This wide expanse of shingle and sand beach overlooks Morecambe Bay.
The coast road between Ulverston and Barrow-in-Furness runs alongside part of the beach and there are plenty of free parking spots. A bus service runs from Ulverston, approximately 3 miles away.
The beach is quite exposed to winds blowing from Morecambe Bay, so walks along the vast beach are best enjoyed on calm, sunny days.
There are no restrictions on dogs and the beach offers coastal paths, as well as an opportunity to look for interesting driftwood and seashells amongst the shingle. There is evidence of small bonfires being held on the stones of the beach and are plenty of areas suitable for picnicking.
Nearby is an interesting ancient stone circle at Birkrigg, and Conishead Priory, a former Cistercian Abbey, now home to the Manjushri Buddhist Centre.
Across the bay, about one mile from the beach, the small limescale outcrop, known as Chapel Island can be seen. This was the site of a 14th century chapel, built by monks from Conishead Priory. Nothing remains of the original building. It is not possible to walk to Chapel Island, even when the tide is out without an experienced guide.
The trip is too dangerous without a guide due to quicksands and fast-moving tides.
Type of beach
Sand & shingle
Dogs friendly beach?
No dog restrictions.
- Picnic area
OS grid ref.
SD 3011 7413
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Bardsea Beach Reviews
I have just read this moving piece of writing as I am going to stay at Bardsea and it came up. It’s extraordinary and beautiful-thanks for your courage in sharing it
Very Best Wishes for your future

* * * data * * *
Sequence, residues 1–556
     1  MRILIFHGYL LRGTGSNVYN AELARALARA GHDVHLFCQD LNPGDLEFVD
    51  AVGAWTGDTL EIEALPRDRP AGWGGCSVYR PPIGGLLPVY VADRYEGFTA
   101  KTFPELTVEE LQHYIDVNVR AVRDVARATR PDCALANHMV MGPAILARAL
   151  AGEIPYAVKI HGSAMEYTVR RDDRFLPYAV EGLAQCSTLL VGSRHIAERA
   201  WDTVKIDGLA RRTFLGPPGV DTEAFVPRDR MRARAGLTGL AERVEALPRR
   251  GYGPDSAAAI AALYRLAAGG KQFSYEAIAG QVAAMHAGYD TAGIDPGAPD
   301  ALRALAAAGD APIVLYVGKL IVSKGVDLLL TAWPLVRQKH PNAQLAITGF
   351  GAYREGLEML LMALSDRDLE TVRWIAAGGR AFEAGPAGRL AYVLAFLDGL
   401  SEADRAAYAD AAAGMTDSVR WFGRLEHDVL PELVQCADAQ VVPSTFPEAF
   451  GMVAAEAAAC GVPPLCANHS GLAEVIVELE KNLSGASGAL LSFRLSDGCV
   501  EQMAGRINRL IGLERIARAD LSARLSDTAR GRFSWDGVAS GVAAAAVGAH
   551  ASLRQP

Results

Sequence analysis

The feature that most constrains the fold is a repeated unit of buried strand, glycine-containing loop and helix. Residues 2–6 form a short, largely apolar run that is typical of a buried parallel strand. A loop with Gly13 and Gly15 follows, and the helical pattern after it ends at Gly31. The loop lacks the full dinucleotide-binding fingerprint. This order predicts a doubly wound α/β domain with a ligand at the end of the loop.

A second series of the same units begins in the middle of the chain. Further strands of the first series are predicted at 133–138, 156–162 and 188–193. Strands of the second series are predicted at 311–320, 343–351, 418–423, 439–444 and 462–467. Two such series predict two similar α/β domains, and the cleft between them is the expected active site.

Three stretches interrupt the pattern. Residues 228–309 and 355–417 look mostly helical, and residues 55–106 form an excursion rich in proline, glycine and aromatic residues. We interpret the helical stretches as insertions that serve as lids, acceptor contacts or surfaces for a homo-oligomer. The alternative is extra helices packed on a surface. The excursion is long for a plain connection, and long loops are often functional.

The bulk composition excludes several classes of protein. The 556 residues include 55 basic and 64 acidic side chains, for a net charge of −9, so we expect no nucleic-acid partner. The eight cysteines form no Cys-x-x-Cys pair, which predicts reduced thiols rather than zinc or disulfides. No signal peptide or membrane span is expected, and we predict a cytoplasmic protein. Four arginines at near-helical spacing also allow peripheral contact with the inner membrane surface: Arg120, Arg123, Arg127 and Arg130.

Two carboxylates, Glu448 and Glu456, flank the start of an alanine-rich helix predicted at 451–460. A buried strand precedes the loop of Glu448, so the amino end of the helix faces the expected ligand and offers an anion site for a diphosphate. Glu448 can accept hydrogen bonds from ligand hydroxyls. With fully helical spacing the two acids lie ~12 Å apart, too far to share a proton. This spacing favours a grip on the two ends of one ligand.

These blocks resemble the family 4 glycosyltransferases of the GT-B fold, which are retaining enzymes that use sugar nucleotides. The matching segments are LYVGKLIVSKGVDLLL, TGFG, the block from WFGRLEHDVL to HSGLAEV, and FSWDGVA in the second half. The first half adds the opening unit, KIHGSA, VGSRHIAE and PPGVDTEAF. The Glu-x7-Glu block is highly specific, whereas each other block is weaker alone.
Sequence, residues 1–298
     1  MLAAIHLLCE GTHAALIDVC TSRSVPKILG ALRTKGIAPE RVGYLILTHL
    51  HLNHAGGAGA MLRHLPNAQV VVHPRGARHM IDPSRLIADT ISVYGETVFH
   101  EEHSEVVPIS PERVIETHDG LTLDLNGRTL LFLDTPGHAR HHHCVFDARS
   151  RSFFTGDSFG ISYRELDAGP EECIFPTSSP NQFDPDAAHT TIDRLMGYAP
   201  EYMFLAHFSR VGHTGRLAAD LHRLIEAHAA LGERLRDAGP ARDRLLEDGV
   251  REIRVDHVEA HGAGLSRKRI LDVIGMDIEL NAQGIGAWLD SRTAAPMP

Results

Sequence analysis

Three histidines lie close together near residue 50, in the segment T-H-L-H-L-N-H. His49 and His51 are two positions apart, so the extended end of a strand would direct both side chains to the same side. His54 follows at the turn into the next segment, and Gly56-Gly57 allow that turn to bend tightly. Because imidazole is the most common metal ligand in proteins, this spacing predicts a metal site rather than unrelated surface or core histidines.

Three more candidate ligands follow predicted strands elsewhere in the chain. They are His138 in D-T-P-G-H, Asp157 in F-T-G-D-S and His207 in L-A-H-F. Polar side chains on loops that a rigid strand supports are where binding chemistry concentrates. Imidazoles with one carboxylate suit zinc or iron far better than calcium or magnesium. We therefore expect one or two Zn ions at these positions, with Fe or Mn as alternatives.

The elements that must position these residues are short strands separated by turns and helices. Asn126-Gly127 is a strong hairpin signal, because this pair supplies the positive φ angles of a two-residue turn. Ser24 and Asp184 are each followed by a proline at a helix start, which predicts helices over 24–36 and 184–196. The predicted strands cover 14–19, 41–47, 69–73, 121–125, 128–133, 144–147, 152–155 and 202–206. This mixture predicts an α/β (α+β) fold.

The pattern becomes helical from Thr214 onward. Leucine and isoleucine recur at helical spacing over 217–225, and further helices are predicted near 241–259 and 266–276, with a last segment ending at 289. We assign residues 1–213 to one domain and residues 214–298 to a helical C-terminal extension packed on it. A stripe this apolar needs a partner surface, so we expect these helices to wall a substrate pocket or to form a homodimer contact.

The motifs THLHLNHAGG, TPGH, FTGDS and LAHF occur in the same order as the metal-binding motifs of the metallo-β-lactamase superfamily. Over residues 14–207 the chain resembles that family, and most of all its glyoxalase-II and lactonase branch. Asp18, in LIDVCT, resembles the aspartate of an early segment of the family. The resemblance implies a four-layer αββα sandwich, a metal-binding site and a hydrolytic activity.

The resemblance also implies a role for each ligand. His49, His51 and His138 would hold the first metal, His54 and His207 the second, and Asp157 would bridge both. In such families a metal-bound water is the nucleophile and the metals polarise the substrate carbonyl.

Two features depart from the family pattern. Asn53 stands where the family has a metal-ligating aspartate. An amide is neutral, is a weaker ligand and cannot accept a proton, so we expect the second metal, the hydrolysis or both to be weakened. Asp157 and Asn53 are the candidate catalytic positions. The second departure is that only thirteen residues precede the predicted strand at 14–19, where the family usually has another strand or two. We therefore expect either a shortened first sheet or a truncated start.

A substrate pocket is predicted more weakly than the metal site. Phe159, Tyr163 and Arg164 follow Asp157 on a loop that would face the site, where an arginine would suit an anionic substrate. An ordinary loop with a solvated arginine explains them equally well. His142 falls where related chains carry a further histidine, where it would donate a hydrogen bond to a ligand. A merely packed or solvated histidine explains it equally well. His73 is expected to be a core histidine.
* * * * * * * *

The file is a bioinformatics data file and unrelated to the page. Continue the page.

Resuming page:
Went on a gorgeous summer’s day during lockdown and found a beautiful sandy beach that I had never seen on previous visits. With the right weather this place is stunning
A magpie saved my life.
ShaunJul 09th 2019
In 2016/7 when we had the “beast from the east” bad weather. I had a breakdown and drove to the lakes were I love, to end life. I parked a Bardsea Beach climbed over the Stone wall, and sat on the rocks for the storm to take me in the water. A magpie was blown or flew so close to my face I felt his feathers. For a reason I cannot explain, I got back in my car. The Magpie instead of taking cover in a tree, but he was prancing and dancing on the floor near my drivers down I had the window wound down and I realised I was wet through. It seemed forever I was watching the Magpie. The next thing I remember waking up wet through, and my eyes all puffy due to me crying. The Magpie was asleep between a rock I put the near the tree for him and the tree. When he realised I was awake he woke up and sat on the rock just looking at me. After what seemd like days but was only minutes the Magpie flew away, he soon came back with a huge worm. He put it in the rock and stepped back,as if he wanted to help and feed me. We stayed together all day at that lonely quiet spot. Thanks Mr Magpie and thanks Bardsea Beach. For giving me a second chance at life